Well, you're not alone if it does, and according to Nikon they all do to some extent. The "rattle" originates in the flash housing, and occurs when the flash is locked down. With the flash opened up, it dissapears. Here is what is happening.
The noise is created by two small, metal articulating arms on either side of the flash. When the flash is opened, they hold the flash in place. But when it is closed, they fold up and lay loosely inside the flash housing. There is a joint in each arm that must have a lot of play in it when the arms are folded. When the camera is shaken with the flash down, the loose joints allow metal to metal impact to occur, which generates the rattling noise. When the flash is up and the arms extend, tension is placed on those joints, tightening them up, eliminating the play and silencing the noise.
According to Nikon, they know about it and consider it a non-issue since "it has no impact whatsoever on the performance of the camera." They would be right for still photography only. But, the D800 is also a video camera, and the flash housng is right next to the built-in microphone. This is where a problem can occur, depending on how loud the rattle is.
On my first D800, the rattle was very loud - on par with shaking the ends of the metal connectors for the strap trying to make noise. When I first opened the box, I thought something was broken inside the camera. I didn't have to try and hear it, it was plently loud to get my attention. I recorded a video to see if it would be picked up in the soundtrack, and it was much worse than I thought it would be. The built-in mic picked it up loud and clear. (And no, I do not normally shake the camera when I shoot video.... but for $3K it should be silent!!)
I had pre-ordered the camera from onecall.com so I called them up, explained the situation. They were great to deal with, and amazingly they had one extra D800, and agreed to send it to me as a replacement, which I have now had for several days to play with.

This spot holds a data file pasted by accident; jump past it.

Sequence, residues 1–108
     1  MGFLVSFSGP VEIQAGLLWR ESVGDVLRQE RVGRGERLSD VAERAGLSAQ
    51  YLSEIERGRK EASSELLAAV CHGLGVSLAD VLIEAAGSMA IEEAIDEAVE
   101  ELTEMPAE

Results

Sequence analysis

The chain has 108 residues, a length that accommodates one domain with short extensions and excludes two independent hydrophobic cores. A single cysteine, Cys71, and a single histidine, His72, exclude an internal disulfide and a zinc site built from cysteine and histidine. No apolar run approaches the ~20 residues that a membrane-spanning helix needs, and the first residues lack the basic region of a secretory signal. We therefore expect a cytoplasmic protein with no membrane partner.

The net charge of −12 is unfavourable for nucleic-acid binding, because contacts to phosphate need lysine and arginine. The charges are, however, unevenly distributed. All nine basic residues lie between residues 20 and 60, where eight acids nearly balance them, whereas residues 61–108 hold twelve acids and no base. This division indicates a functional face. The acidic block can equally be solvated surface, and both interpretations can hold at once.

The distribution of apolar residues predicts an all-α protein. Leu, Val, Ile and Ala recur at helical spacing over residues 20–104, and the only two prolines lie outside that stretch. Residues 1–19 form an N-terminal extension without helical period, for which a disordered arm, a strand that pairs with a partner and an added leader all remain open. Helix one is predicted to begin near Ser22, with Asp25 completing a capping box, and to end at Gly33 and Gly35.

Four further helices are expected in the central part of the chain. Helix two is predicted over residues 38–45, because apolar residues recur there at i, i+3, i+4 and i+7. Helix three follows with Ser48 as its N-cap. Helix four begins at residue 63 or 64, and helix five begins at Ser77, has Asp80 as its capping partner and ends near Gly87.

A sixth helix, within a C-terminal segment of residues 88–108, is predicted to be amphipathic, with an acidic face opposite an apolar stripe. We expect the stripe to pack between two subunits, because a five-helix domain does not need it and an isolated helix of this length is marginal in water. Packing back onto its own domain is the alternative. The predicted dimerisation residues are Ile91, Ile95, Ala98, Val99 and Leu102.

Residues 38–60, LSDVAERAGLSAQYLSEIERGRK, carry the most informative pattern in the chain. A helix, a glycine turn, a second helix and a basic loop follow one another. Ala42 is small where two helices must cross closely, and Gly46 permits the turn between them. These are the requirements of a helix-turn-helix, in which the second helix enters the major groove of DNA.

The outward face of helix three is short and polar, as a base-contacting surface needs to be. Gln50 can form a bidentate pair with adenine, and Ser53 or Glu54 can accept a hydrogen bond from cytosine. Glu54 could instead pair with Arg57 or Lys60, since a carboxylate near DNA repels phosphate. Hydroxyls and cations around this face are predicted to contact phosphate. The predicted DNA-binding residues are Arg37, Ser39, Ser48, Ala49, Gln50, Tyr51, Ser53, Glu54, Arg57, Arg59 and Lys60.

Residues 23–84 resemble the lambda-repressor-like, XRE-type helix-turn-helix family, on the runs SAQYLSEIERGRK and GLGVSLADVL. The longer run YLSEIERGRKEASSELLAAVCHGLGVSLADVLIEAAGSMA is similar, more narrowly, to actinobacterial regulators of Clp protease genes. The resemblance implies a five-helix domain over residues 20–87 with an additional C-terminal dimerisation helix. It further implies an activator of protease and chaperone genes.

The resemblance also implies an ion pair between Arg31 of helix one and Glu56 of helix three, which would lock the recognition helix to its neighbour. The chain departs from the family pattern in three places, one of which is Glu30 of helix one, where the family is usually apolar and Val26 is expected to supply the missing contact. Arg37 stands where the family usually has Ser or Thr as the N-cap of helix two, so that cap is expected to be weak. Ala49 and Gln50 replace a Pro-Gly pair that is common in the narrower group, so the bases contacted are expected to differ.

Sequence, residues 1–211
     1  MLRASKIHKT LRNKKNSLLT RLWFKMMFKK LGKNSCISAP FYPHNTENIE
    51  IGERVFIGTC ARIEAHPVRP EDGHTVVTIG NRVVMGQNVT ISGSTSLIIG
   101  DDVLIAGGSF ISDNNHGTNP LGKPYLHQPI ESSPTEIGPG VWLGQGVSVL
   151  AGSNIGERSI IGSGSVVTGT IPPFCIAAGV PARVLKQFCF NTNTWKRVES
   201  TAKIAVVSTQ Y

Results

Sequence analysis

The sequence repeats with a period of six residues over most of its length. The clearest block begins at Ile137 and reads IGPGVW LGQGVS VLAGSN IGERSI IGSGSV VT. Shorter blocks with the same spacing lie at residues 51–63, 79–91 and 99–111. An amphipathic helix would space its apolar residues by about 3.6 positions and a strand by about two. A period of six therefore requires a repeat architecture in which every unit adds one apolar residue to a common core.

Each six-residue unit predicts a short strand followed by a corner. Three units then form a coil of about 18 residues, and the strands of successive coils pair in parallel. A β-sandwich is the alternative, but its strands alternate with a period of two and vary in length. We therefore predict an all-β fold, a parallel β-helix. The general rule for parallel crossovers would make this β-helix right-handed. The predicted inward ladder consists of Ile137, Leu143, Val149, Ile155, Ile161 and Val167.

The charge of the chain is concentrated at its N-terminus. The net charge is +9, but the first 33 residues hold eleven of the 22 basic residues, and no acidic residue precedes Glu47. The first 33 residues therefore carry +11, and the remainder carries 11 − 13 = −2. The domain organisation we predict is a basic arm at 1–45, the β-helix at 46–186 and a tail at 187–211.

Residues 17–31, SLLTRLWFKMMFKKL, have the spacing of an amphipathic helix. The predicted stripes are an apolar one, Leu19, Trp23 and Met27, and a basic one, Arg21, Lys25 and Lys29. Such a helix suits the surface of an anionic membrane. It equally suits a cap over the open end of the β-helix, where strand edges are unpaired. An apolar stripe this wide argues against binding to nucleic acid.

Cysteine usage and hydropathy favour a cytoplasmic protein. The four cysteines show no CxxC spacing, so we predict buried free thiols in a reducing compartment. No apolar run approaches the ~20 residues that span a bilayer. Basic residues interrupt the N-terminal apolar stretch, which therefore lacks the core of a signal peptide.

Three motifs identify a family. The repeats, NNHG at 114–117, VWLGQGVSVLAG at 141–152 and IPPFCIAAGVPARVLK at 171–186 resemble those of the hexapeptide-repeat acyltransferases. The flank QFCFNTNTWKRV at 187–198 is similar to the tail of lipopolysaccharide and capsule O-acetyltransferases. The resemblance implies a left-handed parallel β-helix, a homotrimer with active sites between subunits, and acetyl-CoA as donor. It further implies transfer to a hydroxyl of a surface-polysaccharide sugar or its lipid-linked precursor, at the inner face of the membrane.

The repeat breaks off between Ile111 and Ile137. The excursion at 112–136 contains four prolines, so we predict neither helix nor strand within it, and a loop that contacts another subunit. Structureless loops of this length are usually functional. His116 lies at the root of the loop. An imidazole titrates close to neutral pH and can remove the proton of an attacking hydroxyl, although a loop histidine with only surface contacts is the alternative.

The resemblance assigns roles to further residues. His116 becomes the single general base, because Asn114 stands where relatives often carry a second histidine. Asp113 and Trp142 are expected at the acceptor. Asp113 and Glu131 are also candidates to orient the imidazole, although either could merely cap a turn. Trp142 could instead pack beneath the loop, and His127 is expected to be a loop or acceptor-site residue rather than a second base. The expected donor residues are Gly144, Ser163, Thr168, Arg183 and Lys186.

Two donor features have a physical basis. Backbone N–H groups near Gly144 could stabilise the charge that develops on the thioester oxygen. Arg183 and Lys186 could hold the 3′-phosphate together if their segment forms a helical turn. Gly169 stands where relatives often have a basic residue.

My second D800 is much, much quieter, but it is not silent. I have to really listen for it, but I can still hear the arms moving inside the housing, but it's nothing like the first D800. I have also recorded video with it, and I do not hear anything in the audio. Clearly the first camera had a defective part that made the noise much worse than a normal D800.
The message is, again according to Nikon, all D800's will have some noise from these arms. The Nikon rep I spoke with had a D800 in his hands and said he could hear it in that one too. But, I have experienced one camera where the level of noise was unacceptable, and I'm glad that I was able to get that one replaced, and didn't decide to just live with it.
So, if your D800 rattles, don't be suprised; but if it's really bad, you may want to pursue it further.
This D800 is my first Nikon, my first DSLR (shot film for the last 40 years), and I waited a long time to get it. But, in spite of the hiccup with the first camera, I love the D800 - it is an amazing piece of technology! With my second D800 the noise really is a non-issue, and I am thrilled to be the proud owner of one!
Many thanks to my fellow Nikonians - I did a lot of reading on this site before deciding on spending the extra bucks on the D800. Your knowledge and wisdom were invaluable!